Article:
Anyway, I guess the problem is the contents of the AAC file, but as both iTunes and Amarok play the files just fine from the local library, I’m at a bit of a loss as to why streaming it would break stuff. So the next question is: How/why does the served stream differ from the original file? (Streams are different for served MP3s too, not just AAC.) I’m sure I could work this out by spending enough time doing diffs or digging through sources, but if someone could give me a headstart that’d be great 🙂

    [1] A quick visit to http://www.apple.com/support/downloads/ reveals that iTunes 6 is really popular ever since 7 came out 🙂

    #6461
    zak
    Guest

    As if the MD5 wasn’t proof enough of mt-daapd’s innocence, from looking at the source and at an ethereal capture of the exchange when I play a track with Amarok it appears that mt-daapd just sends the file down the pipe, only altering it if you’ve turned on dynamic addition of cover art, which I haven’t. So both mt-daapd and iTunes are serving exactly what’s on the disk, no more, no less, and the data itself must be at fault.

    I still don’t understand quite how all three clients fail to stream these tracks regardless of the fact that they load and play fine locally in iTunes, Amarok and on my iPod – but with mt-daapd in the clear, I guess that’s my problem. I know this isn’t really the forum for discussing non-mt-daapd issues, but if anyone happens to have had any experience with this I’d appreciate any advice 🙂

    #6462
    zak
    Guest

    The answer, which I eventually stumbled on at:
    http://www.rokulabs.com/support/sbtroubleshooting.php#Playback
    is that M4As to be streamed over DAAP need to be “fast-start” compatible. A tool called mp4creator exists for Windows, Linux and OS X that can make the necessary change to an M4A file.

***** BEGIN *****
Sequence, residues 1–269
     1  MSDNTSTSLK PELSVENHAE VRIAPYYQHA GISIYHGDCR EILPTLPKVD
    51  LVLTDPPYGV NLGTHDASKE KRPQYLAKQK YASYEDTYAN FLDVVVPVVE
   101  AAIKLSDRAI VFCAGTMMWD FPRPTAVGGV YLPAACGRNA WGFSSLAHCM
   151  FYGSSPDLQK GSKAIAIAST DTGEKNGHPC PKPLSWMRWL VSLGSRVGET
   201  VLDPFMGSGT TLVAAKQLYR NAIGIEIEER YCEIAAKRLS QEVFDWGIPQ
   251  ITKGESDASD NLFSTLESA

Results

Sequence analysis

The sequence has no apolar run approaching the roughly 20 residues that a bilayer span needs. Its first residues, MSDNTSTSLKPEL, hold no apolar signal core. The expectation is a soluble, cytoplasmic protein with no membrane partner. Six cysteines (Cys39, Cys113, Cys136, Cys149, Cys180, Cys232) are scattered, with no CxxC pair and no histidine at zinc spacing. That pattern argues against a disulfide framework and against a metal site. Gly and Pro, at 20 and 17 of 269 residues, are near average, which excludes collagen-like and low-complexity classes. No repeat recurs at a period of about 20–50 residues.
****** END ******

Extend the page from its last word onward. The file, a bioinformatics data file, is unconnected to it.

The not-particularly-complicated nuts and bolts of this: clients streaming a track over DAAP need info that encoders sometimes only put at the end of the track. If it’s only at the end, some poorer clients (iTunes, Amarok) just won’t play it, while better ones (SoundBridge) will buffer the whole track looking for the info and eventually find it. If there’s a copy of the info at the beginning, it seems to work with any client. “mp4creator -optimize” ensures there’s a copy at the beginning of the track. If the file is local (iPod, Amarok lib, iTunes lib) then the player can just seek to the end, so the copy at the start isn’t required (but doesn’t hurt).

    I hope this saves someone some time 🙂

    #6463
    rpedde
    Participant

    @zak wrote:

    The answer, which I eventually stumbled on

    lol… sorry, you are too quick for me. Yes, it’s the metadata order thing. Had I checked in here earlier, I would have saved you the time searching.

    Sorry about that. :/

    — Ron

    p.s. glad you got it working though.

    #6464
    jtbse
    Participant

    Just additional fyi….

    I’ve recently discovered that besides the command-line mpeg4ip utilities mentioned in the Roku FAQ, Windows users can use MP3Tag to optimize their .m4a files with a GUI.

    A bit easier to work with after the fact, but I still prefer the CLI since I can add it as a post-conversion task when converting to .m4a with dbPowerAmp.